Defining the Boston Celtics' Offensive and Defensive Strategy

Matthew SchmidtFeatured ColumnistOctober 17, 2012

Defining the Boston Celtics' Offensive and Defensive Strategy

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    It's a new season with new faces, so the Boston Celtics' offensive and defensive strategy is bound to change. Of course, mainstays like Kevin Garnett, Paul Pierce and Rajon Rondo are still around, but adjustments will need to be made to accommodate the newcomers.

    Ever since Garnett arrived in 2007, the Celtics have been known for having a stout defense. This was very clear in 2012, as Boston was the No. 1 ranked defense in the NBA. The C's offense, however, struggled last season, all too often becoming stagnant and being susceptible to droughts.

    Although the cliché is that defense wins championships, you need a consistent offense to be crowned, as well. With the new talent that GM Danny Ainge has infused into the team for the upcoming campaign, it looks as if the Celtics offense will be stronger.

    So, how will Boston maintain its lockdown D, and how, exactly, will its offense improve?

    Let's define the club's strategy on both ends.

Offense: Run the Offense Through Garnett

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    This may seem awfully obvious, but the Celtics didn't do this nearly enough last season. It was seen more during the playoffs, but even then, Garnett could have been utilized more properly.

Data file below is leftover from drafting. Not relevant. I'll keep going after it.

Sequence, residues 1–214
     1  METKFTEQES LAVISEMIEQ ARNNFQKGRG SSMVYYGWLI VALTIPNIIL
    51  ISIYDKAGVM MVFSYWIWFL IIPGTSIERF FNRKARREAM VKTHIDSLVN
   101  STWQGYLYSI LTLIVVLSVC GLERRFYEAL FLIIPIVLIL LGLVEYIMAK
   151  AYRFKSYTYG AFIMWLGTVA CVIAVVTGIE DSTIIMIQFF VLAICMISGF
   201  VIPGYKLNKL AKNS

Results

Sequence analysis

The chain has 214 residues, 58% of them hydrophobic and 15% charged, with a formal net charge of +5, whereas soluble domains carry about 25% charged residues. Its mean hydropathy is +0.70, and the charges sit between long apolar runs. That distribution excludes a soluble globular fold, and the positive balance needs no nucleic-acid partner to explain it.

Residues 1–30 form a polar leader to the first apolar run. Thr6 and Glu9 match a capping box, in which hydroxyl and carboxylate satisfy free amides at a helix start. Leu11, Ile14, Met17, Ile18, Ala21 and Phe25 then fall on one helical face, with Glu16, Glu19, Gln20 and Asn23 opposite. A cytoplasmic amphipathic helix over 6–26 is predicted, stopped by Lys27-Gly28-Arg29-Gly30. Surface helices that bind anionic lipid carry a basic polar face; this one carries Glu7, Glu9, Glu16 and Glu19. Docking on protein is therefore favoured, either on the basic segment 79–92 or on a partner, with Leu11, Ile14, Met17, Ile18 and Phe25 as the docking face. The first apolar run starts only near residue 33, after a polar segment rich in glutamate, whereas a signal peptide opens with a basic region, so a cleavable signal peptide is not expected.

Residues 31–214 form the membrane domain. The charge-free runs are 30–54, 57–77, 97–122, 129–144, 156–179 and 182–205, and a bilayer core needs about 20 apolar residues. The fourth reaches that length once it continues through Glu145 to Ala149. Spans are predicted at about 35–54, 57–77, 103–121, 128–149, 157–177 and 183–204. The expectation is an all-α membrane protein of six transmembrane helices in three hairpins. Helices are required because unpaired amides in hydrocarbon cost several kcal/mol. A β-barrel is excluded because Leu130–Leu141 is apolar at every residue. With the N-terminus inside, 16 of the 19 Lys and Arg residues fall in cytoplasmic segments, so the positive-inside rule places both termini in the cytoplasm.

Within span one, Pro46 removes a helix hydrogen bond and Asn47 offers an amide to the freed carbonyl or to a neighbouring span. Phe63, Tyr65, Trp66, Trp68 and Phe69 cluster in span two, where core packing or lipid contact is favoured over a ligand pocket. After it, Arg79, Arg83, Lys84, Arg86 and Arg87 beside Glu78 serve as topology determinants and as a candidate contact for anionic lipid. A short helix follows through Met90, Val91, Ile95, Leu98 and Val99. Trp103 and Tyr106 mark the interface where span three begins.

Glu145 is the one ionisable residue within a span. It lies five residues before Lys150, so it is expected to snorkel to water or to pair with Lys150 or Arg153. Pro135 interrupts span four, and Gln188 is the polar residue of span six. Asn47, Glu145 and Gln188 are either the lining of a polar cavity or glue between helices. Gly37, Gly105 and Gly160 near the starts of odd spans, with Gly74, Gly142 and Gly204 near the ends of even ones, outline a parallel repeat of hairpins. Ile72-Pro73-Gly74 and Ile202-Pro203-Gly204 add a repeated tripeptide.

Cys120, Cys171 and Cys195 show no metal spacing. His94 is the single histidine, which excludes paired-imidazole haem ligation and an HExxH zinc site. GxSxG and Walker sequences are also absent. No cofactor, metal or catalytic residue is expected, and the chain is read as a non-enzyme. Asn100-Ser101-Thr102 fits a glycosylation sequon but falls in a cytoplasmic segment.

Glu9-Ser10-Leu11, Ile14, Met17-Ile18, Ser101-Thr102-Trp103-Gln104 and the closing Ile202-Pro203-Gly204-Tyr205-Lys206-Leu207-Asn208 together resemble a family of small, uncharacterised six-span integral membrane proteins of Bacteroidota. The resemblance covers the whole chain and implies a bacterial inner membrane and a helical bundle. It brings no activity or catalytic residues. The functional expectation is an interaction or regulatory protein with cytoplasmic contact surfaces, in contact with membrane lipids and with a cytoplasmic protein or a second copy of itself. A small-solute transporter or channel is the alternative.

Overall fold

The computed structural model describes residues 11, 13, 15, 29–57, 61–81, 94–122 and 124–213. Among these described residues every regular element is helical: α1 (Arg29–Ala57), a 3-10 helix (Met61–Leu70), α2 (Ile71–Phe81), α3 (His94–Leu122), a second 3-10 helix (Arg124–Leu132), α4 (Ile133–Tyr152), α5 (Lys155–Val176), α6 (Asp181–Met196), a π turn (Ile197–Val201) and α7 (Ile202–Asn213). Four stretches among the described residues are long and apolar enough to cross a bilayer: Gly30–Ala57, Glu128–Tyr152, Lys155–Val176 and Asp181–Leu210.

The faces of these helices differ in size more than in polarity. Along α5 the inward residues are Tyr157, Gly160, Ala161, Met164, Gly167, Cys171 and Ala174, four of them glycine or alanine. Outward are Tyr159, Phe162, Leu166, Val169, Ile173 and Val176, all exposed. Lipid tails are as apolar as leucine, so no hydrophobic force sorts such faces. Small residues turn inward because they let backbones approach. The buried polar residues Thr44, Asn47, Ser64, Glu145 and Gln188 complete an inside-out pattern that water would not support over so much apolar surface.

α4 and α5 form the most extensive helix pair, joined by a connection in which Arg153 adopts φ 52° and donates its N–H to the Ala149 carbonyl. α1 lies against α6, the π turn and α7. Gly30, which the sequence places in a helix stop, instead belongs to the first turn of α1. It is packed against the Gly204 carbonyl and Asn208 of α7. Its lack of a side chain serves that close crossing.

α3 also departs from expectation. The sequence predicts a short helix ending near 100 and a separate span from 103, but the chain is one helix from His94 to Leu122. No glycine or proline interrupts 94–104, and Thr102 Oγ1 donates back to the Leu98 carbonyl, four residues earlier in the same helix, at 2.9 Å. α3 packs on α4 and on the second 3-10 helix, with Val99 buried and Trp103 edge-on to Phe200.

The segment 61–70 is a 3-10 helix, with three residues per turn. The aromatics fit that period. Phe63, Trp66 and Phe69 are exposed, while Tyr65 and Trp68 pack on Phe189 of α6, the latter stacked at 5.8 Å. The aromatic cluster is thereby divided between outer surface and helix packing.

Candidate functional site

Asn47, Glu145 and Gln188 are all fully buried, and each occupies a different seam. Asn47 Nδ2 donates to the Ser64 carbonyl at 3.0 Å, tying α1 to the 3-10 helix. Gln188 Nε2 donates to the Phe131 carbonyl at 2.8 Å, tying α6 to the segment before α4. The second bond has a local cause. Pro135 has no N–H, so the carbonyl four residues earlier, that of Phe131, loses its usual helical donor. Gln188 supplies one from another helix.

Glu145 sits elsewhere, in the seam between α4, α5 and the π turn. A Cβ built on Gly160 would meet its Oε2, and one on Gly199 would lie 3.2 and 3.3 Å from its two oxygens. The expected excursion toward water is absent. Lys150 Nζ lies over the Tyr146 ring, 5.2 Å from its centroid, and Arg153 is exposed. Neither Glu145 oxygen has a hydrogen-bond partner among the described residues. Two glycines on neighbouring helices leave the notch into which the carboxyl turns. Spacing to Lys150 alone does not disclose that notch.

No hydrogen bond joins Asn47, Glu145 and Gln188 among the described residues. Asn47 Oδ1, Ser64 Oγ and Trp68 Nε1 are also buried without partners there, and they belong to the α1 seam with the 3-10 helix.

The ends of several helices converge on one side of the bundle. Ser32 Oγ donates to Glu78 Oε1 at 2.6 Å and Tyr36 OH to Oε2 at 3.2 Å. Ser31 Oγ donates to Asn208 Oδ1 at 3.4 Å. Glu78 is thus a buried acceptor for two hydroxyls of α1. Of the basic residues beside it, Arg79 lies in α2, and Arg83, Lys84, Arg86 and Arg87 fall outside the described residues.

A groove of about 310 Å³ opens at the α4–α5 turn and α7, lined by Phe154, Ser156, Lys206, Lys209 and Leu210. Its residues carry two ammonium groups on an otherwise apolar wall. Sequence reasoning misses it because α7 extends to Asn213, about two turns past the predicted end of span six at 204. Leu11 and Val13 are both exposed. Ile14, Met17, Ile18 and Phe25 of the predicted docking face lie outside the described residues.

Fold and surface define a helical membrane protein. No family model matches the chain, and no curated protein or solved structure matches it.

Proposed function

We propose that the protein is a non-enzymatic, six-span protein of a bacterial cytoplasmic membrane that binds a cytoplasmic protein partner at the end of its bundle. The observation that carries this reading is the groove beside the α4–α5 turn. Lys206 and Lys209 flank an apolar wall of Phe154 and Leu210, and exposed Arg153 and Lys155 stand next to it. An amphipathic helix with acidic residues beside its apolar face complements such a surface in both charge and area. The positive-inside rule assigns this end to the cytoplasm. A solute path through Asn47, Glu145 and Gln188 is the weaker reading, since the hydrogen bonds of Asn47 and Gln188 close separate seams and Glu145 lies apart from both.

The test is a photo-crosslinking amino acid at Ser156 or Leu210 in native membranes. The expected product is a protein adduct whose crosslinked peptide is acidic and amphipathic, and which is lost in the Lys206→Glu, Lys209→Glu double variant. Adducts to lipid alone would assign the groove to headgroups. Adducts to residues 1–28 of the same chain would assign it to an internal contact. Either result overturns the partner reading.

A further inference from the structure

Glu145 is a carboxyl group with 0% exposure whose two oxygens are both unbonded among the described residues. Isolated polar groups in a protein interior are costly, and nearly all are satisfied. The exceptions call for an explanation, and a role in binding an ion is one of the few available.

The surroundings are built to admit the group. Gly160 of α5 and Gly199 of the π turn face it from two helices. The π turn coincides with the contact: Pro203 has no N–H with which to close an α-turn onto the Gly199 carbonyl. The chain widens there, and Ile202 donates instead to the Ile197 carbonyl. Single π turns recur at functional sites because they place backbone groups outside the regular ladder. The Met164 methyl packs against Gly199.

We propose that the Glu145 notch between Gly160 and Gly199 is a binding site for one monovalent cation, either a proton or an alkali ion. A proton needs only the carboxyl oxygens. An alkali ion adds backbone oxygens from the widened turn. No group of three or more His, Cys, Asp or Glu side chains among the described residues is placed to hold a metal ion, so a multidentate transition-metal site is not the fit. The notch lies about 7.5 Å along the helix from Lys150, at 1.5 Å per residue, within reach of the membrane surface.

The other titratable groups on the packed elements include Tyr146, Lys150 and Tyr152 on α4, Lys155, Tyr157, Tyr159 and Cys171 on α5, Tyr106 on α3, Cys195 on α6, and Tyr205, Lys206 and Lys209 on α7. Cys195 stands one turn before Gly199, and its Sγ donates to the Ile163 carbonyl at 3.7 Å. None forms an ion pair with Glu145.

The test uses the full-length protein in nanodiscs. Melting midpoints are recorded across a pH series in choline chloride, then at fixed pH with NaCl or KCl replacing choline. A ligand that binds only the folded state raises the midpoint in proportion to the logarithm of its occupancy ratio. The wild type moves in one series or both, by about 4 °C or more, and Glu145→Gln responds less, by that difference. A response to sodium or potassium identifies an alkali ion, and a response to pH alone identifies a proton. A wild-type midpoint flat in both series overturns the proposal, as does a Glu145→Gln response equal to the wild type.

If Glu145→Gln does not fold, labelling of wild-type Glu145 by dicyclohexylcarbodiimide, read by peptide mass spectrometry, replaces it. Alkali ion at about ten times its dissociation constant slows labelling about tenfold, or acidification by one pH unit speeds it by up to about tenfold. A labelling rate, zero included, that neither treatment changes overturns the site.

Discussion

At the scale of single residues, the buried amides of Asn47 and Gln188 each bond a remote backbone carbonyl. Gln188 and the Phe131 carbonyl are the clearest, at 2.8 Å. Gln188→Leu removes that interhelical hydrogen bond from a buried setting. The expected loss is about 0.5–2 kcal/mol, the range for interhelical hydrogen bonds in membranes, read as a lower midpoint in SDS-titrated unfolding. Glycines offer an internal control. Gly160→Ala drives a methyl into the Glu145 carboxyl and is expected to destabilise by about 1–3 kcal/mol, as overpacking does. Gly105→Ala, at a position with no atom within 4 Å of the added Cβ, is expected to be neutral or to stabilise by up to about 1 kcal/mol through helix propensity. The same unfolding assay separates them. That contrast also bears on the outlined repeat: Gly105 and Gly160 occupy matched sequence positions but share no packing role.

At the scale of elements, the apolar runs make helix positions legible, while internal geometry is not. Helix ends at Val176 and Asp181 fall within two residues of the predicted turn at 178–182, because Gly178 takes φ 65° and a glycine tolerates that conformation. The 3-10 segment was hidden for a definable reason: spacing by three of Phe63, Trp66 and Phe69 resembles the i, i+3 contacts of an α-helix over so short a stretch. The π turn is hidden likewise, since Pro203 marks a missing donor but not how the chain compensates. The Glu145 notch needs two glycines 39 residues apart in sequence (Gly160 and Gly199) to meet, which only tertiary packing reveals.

When you have a dominant big man, you have to get him the ball: period. Doing so opens the entire offense up, and with new guys like Jason Terry and Courtney Lee spotting up around the three-point line, getting K.G. the ball in the post could end up being absolutely lethal.

    Notice the word "post" in that last sentence. That is where Garnett should be receiving the basketball. Too often, K.G. is out on the perimeter settling for jump shots. Now, Garnett is a very good shooter.

    As a matter of fact, he shot an incredible 47.7 percent from 16 or more feet out last year. He is clearly very effective from that range, so he should not abandon it entirely. However, that is not where he should be primarily setting up shop.

    Doc Rivers has to consistently design plays for Garnett on the low block. Of course, K.G.'s amount of time banging in the post should be monitored during the regular season, as that will end up taking a toll on the 36-year-old, but come playoff time, that basketball needs to be forced into Garnett.

Offense: Rondo Needs to Push the Tempo

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    With the infusion of younger, fresher legs onto the Celtics' roster this season, Rondo should be making a concerted effort to speed things up offensively.

    Of course, Rondo should be under control when he does this. He shouldn't be flying up the court if the opponent is back on defense and his teammates are lagging behind him.